Author Topic: Postulated  (Read 430 times)

Dr. Sadananda

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« on: February 22, 2015, 09:47:18 AM »

      The first takes an observed fact - for example I wake up one morning and find the road outside is flooded - and postulates an explanation for this - e.g. heavy rain occurred whilst I slept. Since I slept soundly, I have no direct knowledge of any rain but, without such a supposition, I have no reasonable way to explain the observed phenomenon. Other 'unreasonable' explanations may be put forward but the one suggested is the most plausible to the rational mind. In order to justify an improbable explanation, the more plausible must first be discredited. Since the observed fact can only be explained in this way, the explanation becomes a pramaaNa or valid means of knowledge. This pramaaNa is 'perception-based'. as opposed to 'shruti-based'. Shankara's concept of adhyaasa is in fact a shruti-based 'postulate' since there is no mention of the subject in the Vedas themselves and it is in this way that it becomes a valid knowledge in its own right.

      Just as this principle can be used to explain the flooded streets, shruti-based postulates can be used to explain that the ideas that we are mortal, doers and enjoyers are all due to error. For example, the Kathopanishad II. 19 says "If the slayer thinks that he slays or if the slain thinks that he is slain, both of these know not. For It (the Self) neither slays nor is It slain." Also the Giitaa V 8 tells us that one who knows the truth understands that we do not act. We are not 'doers' or 'killers' or 'killed'. Therefore, any statement such as 'I am a doer' or 'I am an enjoyer' must be an error, from shruti (and smR^iti) based postulate.

      Similarly, the notion 'I am a knower' is an error. The MaaNDuukya Upanishad, for example, says that the aatmaa is not a knower in the waking state, the dream state or the deep sleep state but is pure consciousness. Thus shruti-based postulate shows that this idea, that 'I am a knower', is false. (Unlike the idea 'I am consciousness', which is not an error.)

      Another statement in the shruti says that the aatman is changeless (indestructible and incombustible). To be a 'doer' would involve change since this is an experience. All experiences, enjoying, knowing etc., are processes involving a modification of ones state e.g. from ignorance to knowledge. In fact, the suffix -er after a verb implies this modification by indicating an action or process. Since the aatman cannot change, it follows that the aatman cannot be a doer, enjoyer or any oth-er. The concepts must be errors or adhyaasa.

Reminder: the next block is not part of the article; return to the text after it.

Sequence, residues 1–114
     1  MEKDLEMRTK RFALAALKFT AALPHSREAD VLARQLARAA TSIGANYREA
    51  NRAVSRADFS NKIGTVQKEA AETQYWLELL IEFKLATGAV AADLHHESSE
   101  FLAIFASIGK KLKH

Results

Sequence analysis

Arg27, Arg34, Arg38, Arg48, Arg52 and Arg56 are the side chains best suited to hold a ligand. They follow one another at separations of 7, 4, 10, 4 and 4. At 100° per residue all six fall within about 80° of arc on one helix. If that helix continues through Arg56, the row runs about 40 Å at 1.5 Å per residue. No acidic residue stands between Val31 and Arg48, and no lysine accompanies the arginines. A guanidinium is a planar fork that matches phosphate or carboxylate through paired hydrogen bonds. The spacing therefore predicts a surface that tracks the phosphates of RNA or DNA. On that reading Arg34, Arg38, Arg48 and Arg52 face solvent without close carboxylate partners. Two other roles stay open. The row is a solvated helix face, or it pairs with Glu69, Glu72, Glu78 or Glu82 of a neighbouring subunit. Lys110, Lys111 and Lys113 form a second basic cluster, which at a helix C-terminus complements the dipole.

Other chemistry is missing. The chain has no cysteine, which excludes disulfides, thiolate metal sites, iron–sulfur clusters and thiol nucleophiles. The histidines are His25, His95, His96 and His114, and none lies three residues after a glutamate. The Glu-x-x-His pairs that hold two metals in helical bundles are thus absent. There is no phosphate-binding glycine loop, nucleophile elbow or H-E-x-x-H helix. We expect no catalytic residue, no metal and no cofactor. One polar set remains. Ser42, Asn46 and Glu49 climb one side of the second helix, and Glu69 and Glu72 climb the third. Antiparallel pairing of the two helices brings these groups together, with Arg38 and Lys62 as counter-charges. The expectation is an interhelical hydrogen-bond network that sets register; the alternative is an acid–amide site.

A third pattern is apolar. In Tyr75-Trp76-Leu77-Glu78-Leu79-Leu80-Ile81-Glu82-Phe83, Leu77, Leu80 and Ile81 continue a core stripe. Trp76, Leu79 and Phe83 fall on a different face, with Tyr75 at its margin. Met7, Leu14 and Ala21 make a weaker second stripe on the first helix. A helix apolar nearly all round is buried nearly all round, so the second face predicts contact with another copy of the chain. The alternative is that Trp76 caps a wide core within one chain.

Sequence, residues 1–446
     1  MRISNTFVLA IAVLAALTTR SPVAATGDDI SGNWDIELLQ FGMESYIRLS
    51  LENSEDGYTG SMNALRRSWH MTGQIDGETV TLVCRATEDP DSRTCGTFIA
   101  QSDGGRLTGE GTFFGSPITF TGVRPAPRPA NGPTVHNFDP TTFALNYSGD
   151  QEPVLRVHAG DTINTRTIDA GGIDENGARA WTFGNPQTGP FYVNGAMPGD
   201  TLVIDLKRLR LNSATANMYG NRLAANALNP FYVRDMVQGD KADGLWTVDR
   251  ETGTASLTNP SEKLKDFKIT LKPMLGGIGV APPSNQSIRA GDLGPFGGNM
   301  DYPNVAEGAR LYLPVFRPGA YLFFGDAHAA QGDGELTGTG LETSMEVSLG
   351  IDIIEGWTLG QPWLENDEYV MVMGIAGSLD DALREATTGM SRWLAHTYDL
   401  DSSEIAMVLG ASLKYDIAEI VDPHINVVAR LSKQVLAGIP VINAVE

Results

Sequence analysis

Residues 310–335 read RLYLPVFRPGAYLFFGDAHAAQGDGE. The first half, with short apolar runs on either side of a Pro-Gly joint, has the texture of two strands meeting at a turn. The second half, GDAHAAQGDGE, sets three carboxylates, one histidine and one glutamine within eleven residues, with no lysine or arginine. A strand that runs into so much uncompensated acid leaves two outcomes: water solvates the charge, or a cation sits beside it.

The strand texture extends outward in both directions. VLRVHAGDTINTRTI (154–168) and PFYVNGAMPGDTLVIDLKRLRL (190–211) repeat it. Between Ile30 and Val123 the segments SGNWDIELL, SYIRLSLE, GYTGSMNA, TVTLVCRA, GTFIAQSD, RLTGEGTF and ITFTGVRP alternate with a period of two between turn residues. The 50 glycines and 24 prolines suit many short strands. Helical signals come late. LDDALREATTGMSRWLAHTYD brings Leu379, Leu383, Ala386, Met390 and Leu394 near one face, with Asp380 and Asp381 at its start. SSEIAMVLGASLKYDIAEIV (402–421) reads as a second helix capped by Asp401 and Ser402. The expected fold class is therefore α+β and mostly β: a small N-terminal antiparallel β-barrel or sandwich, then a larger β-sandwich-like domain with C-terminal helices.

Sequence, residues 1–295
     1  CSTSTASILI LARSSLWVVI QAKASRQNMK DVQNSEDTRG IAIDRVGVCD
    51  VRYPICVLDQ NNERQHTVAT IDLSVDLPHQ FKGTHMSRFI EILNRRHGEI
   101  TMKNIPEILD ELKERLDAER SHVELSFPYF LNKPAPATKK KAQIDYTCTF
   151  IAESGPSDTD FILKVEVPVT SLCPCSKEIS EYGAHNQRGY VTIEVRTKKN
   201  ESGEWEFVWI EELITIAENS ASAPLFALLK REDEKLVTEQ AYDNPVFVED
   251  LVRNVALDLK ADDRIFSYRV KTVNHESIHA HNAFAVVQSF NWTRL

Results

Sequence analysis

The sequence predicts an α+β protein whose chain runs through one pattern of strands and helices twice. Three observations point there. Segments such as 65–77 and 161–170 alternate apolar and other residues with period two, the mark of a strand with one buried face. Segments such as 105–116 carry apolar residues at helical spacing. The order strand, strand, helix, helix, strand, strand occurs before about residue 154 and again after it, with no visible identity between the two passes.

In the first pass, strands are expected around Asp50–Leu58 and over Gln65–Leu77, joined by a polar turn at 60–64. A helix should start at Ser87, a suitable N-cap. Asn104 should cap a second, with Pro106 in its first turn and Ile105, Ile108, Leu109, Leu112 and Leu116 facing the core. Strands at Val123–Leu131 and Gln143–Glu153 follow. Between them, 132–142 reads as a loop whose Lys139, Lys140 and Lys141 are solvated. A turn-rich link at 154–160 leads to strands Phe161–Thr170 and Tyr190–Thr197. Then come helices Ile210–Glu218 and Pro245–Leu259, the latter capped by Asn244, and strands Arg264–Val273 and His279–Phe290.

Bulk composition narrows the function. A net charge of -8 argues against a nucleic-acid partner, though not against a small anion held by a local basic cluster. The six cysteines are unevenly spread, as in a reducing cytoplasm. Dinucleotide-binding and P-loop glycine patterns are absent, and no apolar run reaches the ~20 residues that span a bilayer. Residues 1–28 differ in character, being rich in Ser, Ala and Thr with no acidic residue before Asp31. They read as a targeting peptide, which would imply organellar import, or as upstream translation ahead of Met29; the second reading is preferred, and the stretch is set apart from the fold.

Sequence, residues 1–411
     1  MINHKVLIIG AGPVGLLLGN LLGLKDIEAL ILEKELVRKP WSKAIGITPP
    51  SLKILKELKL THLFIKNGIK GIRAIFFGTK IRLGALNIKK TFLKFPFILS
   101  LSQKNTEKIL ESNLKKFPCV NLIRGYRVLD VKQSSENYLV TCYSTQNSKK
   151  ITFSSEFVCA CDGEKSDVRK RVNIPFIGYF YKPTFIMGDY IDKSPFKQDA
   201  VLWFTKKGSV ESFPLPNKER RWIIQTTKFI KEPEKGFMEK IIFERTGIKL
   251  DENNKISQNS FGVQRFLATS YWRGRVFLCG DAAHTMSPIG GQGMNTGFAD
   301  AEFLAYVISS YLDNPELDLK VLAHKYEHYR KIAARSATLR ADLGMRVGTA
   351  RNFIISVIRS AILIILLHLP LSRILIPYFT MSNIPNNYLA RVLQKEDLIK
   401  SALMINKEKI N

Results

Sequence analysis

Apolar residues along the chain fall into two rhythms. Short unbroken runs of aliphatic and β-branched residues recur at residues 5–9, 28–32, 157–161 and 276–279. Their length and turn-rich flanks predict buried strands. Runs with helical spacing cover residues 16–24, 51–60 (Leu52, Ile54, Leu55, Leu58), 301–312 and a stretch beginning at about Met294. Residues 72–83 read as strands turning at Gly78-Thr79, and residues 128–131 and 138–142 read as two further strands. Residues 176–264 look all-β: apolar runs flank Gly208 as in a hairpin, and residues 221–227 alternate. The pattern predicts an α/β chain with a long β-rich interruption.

A final argument is that, in order to be a 'doer' one would need an associated 'instrument'; for example, mind is an instrument of thought and sense organs are instruments of perception. A 'doer' would have to be associated with an instrument of 'doing' and an 'enjoyer' with an instrument of enjoyment. But the scriptures say that the aatmaa is not associated with anything and so cannot be a 'doer' etc. Another adhyaasa is 'I am limited' e.g. ' I am here' (and not elsewhere). The kaThopanishad (I-3-15) for example says that the aatmaa is beyond the five sense perceptions, is eternal and unlimited, beginningless and limitless. Since it is unambiguously stated that we are limitless, the idea that I am limited must be an error, by shruti postulate. The notion 'I am an individual' is false; I am Brahman is the reality.

      The last example here is the idea that there are many aatmaa-s. This, too, is an error. Many of the philosophies do claim multiplicity of aatmaa - saa~Nkhya, yoga, vaisheshhika, puurvamiimaa.nsaa and even vishishhTaadvaita and dvaita (which both recognise the importance of Vedanta. But Shankara cites the shvetaashvatara upanishad as clearly implying that aatmaa is one and the iishaa upanishad (V7) says "He who perceives all beings as the Self, for him how can there be delusion or sorrow, when he sees this oneness (everywhere) - all in all?" Thus, shruti postulate has shown that the ideas that we are mortal, doers, enjoyers, knowers, limited and many are all false.